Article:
In the event of an active shooter on campus, each of the five Claremont Colleges has its own procedures, and Campus Safety would act as the main coordinator for alerting the entire 5C community and
calling the police. The 5Cs practiced response procedures in a drill on March 27, but some students questioned the effectiveness of the drill and the availability of information about how to respond to a crisis.
“Campus Safety would be the liaison between local law
enforcement and the Emergency Response Teams on each Campus,” wrote Dean
Manship, the emergency preparedness program manager for the Claremont
Colleges and interim director of Campus Safety, in an email to TSL.
Manship also indicated that local law enforcement agencies
would protect campus, and that an emergency notification would be
sent instructing the community to shelter in safe places.
Robert Robinson, assistant vice president of Facilities and Campus Services at Pomona College, said that his emergency response team conducts training exercises and tries to educate students through emails and written material on what to
do in the event of an emergency. None of the colleges have specific preventative measures in place, however, due to the unpredictable nature of such an event.
“Unfortunately, there is no guaranteed way to prevent an
active shooter situation,” Manship wrote.
The other 5Cs have similar procedures in the event of an
Claremont McKenna College can remotely lock
classroom doors, according to Marsha Tudor, the associate director of Facilities
and Campus Services at CMC. She added that CMC residential advisers have training with the emergency management specialist, and CMC makes information sheets available in all classrooms and residence halls detailing response actions to emergency situations including active violence.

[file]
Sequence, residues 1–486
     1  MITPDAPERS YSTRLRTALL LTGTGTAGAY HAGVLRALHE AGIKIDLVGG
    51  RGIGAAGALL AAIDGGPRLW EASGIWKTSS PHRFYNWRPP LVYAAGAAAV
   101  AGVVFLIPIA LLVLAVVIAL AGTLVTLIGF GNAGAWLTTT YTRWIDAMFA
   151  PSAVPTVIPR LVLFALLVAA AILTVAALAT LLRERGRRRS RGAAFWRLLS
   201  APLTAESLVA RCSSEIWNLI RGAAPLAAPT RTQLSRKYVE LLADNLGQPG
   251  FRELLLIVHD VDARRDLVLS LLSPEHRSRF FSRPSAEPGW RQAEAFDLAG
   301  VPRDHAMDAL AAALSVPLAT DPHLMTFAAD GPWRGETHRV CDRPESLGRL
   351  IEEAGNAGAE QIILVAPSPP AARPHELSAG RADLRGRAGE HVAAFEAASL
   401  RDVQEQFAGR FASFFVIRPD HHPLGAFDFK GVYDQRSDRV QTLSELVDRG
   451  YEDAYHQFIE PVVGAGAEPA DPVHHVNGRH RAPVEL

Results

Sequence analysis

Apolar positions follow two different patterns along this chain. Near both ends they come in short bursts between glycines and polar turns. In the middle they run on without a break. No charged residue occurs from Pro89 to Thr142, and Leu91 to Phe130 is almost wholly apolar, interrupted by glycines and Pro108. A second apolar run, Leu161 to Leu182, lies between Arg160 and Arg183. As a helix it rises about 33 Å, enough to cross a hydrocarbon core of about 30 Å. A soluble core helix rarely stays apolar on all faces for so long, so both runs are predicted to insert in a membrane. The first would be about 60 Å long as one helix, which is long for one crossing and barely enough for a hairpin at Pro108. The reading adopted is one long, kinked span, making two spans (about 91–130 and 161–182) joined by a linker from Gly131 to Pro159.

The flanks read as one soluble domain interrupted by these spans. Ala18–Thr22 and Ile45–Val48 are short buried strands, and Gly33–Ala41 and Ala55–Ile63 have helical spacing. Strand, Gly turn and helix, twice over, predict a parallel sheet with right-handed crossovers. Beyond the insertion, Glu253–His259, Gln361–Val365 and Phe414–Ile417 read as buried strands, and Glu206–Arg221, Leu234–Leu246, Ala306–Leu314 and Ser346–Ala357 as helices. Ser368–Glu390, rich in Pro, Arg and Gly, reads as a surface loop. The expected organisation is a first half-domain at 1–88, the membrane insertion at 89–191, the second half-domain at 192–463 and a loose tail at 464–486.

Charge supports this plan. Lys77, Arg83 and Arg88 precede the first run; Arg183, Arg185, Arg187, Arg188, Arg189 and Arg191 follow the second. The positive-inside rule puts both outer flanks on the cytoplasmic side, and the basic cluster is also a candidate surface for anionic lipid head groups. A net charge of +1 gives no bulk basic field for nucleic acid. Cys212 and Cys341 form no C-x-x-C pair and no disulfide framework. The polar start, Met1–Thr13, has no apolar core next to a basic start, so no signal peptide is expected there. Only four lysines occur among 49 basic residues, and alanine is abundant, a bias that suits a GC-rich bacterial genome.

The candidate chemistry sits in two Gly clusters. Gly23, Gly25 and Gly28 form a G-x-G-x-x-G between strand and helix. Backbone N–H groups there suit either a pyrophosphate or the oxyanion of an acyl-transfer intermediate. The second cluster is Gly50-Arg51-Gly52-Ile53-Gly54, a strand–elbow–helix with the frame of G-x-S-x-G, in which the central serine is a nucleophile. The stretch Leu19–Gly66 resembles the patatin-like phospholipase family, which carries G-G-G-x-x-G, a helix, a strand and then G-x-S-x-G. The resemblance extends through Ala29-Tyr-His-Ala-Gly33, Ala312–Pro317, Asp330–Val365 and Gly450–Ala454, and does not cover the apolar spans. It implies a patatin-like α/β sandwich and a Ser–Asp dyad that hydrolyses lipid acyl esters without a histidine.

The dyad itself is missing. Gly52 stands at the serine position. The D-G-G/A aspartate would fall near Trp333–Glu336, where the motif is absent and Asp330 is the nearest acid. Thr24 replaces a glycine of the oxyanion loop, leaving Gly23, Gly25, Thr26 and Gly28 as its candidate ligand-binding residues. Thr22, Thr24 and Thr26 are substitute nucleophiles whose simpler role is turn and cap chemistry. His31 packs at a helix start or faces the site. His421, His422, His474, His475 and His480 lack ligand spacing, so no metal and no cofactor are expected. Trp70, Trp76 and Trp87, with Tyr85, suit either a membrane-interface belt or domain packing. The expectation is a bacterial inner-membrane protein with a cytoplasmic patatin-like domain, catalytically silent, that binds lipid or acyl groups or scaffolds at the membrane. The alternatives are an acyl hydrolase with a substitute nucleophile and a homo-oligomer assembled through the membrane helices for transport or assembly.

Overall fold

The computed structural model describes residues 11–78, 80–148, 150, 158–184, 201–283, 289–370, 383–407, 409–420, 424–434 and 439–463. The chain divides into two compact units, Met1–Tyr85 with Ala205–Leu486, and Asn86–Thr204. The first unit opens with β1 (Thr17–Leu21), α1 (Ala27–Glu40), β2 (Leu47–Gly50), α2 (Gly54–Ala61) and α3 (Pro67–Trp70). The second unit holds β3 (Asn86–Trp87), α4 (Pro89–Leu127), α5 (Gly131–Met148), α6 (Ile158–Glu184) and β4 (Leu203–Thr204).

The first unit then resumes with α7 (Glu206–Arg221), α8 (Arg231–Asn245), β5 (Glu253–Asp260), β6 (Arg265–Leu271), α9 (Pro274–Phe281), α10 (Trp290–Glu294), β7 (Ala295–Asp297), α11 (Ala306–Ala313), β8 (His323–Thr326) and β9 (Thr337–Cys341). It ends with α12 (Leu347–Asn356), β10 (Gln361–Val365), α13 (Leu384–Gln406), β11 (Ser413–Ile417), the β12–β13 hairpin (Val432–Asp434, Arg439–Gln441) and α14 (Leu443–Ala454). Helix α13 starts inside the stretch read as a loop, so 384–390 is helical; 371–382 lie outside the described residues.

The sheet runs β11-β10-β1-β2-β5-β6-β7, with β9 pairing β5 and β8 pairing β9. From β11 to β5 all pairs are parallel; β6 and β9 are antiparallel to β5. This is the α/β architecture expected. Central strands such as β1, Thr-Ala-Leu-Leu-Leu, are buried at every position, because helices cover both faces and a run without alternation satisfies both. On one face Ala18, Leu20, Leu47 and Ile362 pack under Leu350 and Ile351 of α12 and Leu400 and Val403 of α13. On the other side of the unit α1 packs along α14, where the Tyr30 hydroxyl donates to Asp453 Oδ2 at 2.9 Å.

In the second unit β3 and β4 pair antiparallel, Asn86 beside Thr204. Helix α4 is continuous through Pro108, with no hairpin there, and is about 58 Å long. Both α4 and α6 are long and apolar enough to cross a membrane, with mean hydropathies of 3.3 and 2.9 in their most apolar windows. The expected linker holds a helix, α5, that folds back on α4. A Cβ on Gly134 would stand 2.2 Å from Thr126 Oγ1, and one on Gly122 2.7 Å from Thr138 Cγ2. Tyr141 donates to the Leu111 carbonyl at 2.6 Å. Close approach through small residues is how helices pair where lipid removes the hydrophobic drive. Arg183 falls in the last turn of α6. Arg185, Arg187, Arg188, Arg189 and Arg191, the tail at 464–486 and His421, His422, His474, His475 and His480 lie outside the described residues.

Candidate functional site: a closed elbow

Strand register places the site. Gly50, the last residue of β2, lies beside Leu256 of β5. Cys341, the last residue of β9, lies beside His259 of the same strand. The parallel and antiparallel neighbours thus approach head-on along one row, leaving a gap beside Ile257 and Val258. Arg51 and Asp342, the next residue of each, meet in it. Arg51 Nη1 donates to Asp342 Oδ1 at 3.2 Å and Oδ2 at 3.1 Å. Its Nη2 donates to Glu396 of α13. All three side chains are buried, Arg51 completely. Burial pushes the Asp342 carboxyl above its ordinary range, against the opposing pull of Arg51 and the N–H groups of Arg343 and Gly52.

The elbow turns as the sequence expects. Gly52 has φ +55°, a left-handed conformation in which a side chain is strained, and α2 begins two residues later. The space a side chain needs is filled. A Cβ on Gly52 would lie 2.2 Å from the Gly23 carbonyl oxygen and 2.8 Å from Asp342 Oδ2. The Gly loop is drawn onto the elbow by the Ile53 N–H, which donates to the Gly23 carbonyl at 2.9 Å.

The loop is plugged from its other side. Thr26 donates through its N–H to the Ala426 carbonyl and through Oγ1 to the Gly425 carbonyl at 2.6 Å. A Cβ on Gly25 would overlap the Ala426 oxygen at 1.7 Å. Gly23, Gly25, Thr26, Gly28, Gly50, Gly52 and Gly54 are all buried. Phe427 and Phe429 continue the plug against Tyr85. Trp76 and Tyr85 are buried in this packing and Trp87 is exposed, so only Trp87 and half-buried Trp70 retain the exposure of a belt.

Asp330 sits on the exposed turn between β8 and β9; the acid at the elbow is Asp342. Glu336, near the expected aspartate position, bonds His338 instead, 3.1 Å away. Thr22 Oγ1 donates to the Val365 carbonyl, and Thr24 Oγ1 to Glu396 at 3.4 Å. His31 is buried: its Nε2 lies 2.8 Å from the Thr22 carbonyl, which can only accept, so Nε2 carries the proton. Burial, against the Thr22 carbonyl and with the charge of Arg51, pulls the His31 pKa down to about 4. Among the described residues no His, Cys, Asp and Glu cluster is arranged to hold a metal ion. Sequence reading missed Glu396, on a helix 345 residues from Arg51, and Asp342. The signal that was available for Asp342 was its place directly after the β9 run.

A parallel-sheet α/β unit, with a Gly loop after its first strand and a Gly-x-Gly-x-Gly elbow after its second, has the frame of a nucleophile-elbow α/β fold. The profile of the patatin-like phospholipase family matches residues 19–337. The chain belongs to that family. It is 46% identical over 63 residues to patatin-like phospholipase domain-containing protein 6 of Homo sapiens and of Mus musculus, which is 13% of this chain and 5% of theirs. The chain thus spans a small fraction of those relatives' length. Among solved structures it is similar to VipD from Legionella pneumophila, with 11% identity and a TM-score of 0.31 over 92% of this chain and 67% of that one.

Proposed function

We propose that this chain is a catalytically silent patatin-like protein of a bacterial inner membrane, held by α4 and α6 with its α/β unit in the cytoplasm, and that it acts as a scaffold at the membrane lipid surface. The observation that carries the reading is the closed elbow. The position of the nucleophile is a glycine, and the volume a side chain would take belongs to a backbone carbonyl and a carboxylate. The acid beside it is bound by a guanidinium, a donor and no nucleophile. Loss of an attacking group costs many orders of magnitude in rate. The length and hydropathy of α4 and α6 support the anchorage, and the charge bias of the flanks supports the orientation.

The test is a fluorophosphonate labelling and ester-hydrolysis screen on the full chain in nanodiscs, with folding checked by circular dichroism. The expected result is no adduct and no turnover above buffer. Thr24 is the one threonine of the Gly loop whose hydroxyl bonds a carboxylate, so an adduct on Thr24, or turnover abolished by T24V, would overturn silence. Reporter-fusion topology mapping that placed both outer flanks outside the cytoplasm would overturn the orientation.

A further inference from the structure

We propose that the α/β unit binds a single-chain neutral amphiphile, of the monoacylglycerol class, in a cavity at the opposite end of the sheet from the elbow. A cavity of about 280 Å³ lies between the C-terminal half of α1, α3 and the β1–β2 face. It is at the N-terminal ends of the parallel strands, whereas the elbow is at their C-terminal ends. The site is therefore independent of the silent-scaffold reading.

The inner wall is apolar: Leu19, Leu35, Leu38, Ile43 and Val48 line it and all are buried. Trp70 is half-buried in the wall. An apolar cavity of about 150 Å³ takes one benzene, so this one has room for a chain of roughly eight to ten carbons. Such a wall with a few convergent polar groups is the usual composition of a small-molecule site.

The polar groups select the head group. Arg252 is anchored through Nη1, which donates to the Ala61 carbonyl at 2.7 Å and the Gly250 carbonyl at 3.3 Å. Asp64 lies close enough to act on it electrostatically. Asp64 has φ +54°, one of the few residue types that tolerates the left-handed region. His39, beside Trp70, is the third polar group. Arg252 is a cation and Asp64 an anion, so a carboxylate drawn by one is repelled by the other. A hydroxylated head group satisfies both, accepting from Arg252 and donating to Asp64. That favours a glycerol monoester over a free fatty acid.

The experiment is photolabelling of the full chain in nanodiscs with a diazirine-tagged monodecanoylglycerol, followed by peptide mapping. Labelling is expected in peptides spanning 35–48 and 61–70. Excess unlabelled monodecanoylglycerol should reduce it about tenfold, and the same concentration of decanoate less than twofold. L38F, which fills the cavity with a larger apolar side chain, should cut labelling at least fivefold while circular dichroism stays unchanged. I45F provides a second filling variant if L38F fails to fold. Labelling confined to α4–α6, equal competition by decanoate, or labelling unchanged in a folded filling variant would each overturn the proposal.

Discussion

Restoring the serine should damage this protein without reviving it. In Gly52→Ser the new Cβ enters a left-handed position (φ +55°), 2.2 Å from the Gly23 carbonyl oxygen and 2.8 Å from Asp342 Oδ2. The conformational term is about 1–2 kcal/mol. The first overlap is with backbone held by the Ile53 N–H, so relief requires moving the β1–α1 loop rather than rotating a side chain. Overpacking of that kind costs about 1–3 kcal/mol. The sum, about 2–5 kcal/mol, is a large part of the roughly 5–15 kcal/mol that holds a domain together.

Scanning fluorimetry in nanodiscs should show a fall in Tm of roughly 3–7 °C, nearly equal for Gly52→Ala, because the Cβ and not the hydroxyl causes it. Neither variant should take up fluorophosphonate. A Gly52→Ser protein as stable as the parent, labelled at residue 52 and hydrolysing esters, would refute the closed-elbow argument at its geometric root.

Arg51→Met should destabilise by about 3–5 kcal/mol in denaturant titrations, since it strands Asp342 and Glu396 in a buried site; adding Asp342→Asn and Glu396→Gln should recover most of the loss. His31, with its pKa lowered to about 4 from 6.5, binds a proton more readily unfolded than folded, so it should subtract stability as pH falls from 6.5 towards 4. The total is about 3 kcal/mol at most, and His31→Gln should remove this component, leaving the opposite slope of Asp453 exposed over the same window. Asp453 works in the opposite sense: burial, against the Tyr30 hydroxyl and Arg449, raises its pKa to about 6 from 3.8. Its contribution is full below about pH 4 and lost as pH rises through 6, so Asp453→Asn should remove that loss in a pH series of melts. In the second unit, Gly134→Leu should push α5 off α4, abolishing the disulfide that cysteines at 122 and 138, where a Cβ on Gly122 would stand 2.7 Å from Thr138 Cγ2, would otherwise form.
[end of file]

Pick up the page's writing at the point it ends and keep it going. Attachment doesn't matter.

“All college campuses are aware of recent violence around the country and we take these concerns very seriously,” Tudor wrote in an email to TSL.
She added that the schools have conducted annual active shooter drills for approximately 10 years.
Despite the email that students received before the drill last week, students reported not knowing how to respond during the drill.
One student said that his class ignored the alarm bells and phone alerts that the active shooter drill triggered, instead continuing with the professor’s planned lecture.
“I was about to walk off campus,” Michelle Chan PO ’17 said. “I was on my way out anyway, so I thought I had better walk faster.”
Chan also noted that she had not seen any material about what to do in the event of an active shooter drill until the email about the drill was sent out.
Other students seemed unaware of the event altogether.
“When did this happen?” Robert Beckles PO ’17 said. “I probably slept through it.”
As part of the March 27 drill, CMC practiced additional emergency response procedures behind the scenes.
According to an email Tudor sent to CMC students and faculty and staff members on April 1, CMC’s Incident Management Team simulated gathering reports about victims and assailants and providing “emotional support to those in need” after the lockdown. The team also conducted a simulation alongside the Claremont Police Department in which they set up a fake command post in the basement of the Kravis Center and carried out a plan to locate an intruder.
Tudor said that there is work to be done to increase awareness of emergency procedures.
“We hope to develop programming that will be specifically targeted for students,” she wrote.